I think I’m going to start a regular series of posts with the above title…

Today’s subhede:
The Death of (print) Newspapers Does Not Equal the Death of Journalism.”

The latest sky is falling scenario will come via NPR’s Morning Edition tommorow. Here’s a preview of the piece:

VANISHING NEWSPAPER: In some significant American city, somewhere soon, a trusted metro newspaper will simply go belly-up, experts say, probably due to some combination of declining advertising revenues, eroding paid circulation, and an owner’s bankruptcy. We take a look at Hartford, Connecticut, home to the Courant – the nation’s oldest continuously published newspaper. It has a distinguished record of watchdog and enterprise journalism but has been suffering from severe budget cuts. And yet there’s plenty to cover. Hartford is a troubled city, but it’s also the state capital, a major center for the insurance agency – and coverage there has been abandoned by other major news outlets in the region, such as the New York Times and the Boston Globe. We try to envision what would happen if the Courant, owned by the bankrupt Tribune company, were to disappear. The loss for the city, the region and the state would be tremendous.

Now, there is no doubt that this year will be a huge year of transition for the business of newspapers. And, we should not forget that when we see these huge numbers associated with newspaper layoffs that real people are involved. Often times analysis of the state of the business can come off as callous, but there are people involved.

But, as I’ve said now in a number of different blog posts and public forms, the death of newspapers this year does not equal the death of journalism. Quality journalism will continue to be delivered, it just won’t be in the printed form. New business models will emerge (many are already in the experimentation stage), you just won’t be paying a yearly subscription or 50 cents at the newsstand.

There is much being written about the state of journalism and its future. Bill Keller of the New York Times recently did an extensive Q&A on the state of the NYT and the profession in general. At one point, he says:

There is no end of faith-based polemics on the subject of newspapers’ survival. Print is dead! Online readers must pay for content! Online readers will never pay for content! Give newspapers endowments, like universities! We should be a little suspicious of ironclad certainty.

Fair enough.

But what I would tell Keller and others making arguments for the old business model of journalism is that editors and publishers sat idly by for more than 13 years, content to let those “web guys” do their thing but declining to really examine the many different business opportunities. Now, the experimentation is happening, but much of it is coming from outside the big media companies.

We — journalists, educators, editors, publishers — need to look to the future. This will be a difficult, gut-wrenching year, but something new is being born in the process.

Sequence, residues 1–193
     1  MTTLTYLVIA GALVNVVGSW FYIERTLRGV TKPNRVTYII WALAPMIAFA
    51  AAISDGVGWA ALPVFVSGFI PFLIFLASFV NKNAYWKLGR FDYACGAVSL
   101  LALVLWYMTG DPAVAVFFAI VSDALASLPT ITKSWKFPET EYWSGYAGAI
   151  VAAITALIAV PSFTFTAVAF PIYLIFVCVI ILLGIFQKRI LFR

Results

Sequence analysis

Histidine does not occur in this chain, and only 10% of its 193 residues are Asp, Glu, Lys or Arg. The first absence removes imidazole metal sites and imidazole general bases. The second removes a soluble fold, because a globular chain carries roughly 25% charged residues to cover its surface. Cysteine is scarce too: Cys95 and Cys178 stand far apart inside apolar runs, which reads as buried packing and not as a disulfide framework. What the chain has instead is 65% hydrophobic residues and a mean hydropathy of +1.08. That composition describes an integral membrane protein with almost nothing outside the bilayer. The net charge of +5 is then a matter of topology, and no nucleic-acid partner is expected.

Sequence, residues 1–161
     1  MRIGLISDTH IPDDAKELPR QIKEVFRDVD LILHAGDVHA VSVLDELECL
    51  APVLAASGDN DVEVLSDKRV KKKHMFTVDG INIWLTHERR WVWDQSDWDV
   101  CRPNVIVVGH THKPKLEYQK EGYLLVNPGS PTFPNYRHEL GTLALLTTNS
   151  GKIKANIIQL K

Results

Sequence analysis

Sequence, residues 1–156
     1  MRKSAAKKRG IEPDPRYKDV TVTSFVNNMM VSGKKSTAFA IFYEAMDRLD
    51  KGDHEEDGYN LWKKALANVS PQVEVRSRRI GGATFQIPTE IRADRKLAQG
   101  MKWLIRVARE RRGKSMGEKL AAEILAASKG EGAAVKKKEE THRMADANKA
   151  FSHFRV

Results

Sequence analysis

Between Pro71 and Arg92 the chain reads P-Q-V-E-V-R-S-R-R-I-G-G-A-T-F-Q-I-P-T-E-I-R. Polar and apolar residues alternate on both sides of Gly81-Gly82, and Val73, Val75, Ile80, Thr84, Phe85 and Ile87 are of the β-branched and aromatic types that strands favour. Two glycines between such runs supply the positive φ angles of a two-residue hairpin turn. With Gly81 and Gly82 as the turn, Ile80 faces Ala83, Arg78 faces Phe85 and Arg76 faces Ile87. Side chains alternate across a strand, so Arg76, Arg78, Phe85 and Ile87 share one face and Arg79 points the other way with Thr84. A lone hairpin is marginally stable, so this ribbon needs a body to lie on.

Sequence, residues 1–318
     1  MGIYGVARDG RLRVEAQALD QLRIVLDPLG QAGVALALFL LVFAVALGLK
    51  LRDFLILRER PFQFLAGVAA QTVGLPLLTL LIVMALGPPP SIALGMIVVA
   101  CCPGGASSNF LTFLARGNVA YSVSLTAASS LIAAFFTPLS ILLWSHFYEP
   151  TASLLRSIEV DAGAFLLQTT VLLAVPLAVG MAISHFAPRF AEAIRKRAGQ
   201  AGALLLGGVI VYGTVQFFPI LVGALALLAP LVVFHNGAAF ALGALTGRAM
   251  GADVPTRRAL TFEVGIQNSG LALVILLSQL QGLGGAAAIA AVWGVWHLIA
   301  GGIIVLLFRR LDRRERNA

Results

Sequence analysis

Steve Outing is one of those looking to the future in his outline of the new All-Digital Newsroom, where he says in part:

What will it take to get one of the remaining jobs in the all-digital newsroom? Certainly an understanding of, and probably enthusiasm for, new forms of media and storytelling. The transformed newsroom will be filled with multi-functional journalists who are comfortable carrying around a digital camera and tiny video camera; who make it part of their routine to record audio for possible use in podcasts or multimedia project sound clips; who are regular users of social networks and understand how to leverage them to communicate with and attract new readers, and share some personal information about themselves as well as promote their work; and who are comfortable and willing to put in the time to engage and communicate with their readers or viewers, including participating in reader comment threads accompanying their stories.

While in this transformed news enterprise reporters will take some of their own photos and video, I think there will remain a place for photojournalists — but they’ll need to be adept at video and not just still news photography. They’ll need to know how to do video editing and production, and produce multimedia content.

Journalists clinging to notions of narrow job descriptions and who still hold dear many of the old ways of doing things for print are unlikely to be among those offered jobs in the downsized digital newsroom. To win one of these jobs, extreme flexibility and the love of learning and a challenge will be qualities that hiring managers will seek. I suspect that may make this digital newsroom younger than today’s print newsrooms, yet I know plenty of older journalists who revel in the media transformation and 24/7 nature of today’s news, and young journalists just out of college who still think conservatively. So don’t count out seeing some gray hair in the digital newsroom, though not as much.

As my old boss used to say, Onward!